An average family of five people who have status cards could be more than $20,000 richer each year if treaty annuity payments were based on today’s land values.
Currently, treaty people with status cards get $5 a year based on land values from the 1800s – that’s $20 if you’re a family of five.
That and more on this episode of InFocus.
RCMP interrogation and child apprehension in Canada
Nazi flag flap highlights Saskatchewan’s race problem
Serial killers hunting large swaths of Canada: criminologist
Flood evacuees for eight years, Little Saskatchewan residents finally have a place to go home to
Decades of promises, but little action as mercury still takes lives in Grassy Narrows
Justice system an ‘industry’ profiting off Indigenous offenders and victims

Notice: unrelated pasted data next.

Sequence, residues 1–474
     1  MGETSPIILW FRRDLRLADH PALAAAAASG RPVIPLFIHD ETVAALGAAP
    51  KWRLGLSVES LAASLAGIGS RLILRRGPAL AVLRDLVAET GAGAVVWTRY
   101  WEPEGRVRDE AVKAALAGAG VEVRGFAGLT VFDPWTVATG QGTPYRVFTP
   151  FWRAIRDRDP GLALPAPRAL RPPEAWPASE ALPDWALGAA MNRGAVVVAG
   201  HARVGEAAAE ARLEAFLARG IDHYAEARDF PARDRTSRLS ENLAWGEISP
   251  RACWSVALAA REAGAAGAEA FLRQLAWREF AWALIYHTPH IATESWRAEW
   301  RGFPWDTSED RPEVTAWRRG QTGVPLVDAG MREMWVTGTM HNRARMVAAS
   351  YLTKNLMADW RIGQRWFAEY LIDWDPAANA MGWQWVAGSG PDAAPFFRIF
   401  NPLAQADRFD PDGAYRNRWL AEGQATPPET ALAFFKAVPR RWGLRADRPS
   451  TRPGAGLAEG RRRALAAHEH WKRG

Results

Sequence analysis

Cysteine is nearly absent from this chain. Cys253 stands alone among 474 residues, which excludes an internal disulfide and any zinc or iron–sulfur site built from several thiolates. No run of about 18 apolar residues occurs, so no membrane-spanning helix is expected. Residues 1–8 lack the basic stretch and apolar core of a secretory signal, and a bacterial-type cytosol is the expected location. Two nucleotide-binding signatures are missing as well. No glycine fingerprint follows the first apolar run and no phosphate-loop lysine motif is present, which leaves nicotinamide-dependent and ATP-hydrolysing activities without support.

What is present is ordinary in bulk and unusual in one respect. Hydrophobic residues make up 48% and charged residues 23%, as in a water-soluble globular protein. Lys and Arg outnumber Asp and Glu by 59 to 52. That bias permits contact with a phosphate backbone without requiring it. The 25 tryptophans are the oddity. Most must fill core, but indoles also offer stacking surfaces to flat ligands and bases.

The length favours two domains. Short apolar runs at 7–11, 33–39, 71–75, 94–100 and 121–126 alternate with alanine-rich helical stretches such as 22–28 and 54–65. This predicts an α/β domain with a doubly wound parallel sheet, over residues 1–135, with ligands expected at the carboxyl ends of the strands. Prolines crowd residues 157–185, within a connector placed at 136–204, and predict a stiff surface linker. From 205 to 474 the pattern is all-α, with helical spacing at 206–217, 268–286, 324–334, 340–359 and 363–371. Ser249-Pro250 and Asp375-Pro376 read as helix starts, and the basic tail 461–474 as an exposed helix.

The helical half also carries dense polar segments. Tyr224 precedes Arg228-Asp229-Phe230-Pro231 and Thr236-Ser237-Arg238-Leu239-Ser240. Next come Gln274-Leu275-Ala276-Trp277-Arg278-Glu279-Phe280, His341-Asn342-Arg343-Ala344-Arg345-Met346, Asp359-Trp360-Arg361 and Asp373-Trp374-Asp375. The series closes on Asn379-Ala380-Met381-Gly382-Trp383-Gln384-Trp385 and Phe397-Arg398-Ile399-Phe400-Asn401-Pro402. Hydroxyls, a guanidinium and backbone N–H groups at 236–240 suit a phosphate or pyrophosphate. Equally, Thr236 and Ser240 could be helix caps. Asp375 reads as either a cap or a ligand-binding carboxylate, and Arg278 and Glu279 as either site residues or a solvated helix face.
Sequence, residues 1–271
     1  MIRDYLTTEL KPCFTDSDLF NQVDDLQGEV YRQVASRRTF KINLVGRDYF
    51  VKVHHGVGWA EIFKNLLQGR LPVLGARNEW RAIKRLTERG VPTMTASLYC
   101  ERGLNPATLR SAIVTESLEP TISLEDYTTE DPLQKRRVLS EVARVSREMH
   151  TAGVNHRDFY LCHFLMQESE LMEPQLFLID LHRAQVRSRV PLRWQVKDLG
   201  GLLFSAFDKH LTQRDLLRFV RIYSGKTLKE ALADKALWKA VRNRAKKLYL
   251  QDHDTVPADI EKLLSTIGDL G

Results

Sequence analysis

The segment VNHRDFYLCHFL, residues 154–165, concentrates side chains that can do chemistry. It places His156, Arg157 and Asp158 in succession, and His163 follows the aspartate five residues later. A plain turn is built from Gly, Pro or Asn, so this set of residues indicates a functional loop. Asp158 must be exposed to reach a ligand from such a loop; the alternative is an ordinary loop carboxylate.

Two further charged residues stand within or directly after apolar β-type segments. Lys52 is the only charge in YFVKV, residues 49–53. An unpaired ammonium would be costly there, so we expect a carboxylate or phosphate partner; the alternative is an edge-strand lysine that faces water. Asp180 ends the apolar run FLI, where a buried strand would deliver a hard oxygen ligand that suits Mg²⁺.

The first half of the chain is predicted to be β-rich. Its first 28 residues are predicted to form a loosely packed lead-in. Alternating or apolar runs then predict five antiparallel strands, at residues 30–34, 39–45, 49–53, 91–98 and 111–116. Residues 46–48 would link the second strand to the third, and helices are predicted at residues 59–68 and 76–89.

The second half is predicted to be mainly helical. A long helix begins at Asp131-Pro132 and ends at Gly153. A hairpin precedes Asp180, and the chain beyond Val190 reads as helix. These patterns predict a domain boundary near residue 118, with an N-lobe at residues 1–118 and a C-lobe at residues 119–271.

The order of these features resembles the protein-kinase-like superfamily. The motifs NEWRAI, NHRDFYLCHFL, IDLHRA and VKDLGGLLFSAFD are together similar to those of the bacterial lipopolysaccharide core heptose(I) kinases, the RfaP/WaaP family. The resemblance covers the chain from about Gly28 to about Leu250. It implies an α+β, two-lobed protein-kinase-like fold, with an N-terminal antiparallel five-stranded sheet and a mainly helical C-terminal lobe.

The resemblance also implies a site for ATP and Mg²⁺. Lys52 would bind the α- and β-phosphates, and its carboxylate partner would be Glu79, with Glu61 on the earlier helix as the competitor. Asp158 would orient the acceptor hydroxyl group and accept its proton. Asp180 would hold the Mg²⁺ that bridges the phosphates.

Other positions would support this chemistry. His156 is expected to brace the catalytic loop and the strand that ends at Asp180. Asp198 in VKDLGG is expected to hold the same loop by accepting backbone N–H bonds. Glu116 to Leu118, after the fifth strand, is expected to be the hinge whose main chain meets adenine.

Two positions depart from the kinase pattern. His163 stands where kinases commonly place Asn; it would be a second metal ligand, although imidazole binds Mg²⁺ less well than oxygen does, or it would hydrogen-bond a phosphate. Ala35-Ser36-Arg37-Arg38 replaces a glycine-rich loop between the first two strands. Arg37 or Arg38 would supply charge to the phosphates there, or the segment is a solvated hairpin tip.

Feds can’t solve Indigenous issues on its own says Clint Davis
Returning Indigenous artifacts necessary to reconciliation yet still a struggle
Jody Wilson-Raybould ‘thrown under the bus’ to save corporate and political elites: Bill Wilson
Questioning the usefulness of land acknowledgements
Food sovereignty is not just about rights, but better physical health and emotional well-being
Cat Lake First Nation tries to get federal attention by declaring state of emergency based on Jordan’s Principle
CFS agencies need to focus more on keeping families says former case worker
A mother shares her experience with the child welfare system on InFocus
Inside the CFS system on InFocus
Indigenous satire helps deal with harsh realities
InFocus talks drag, Two Spirit and all things fabulous
Behind the scenes of APTN Investigates
‘E for effort’: Grading Canada’s path to reconciliation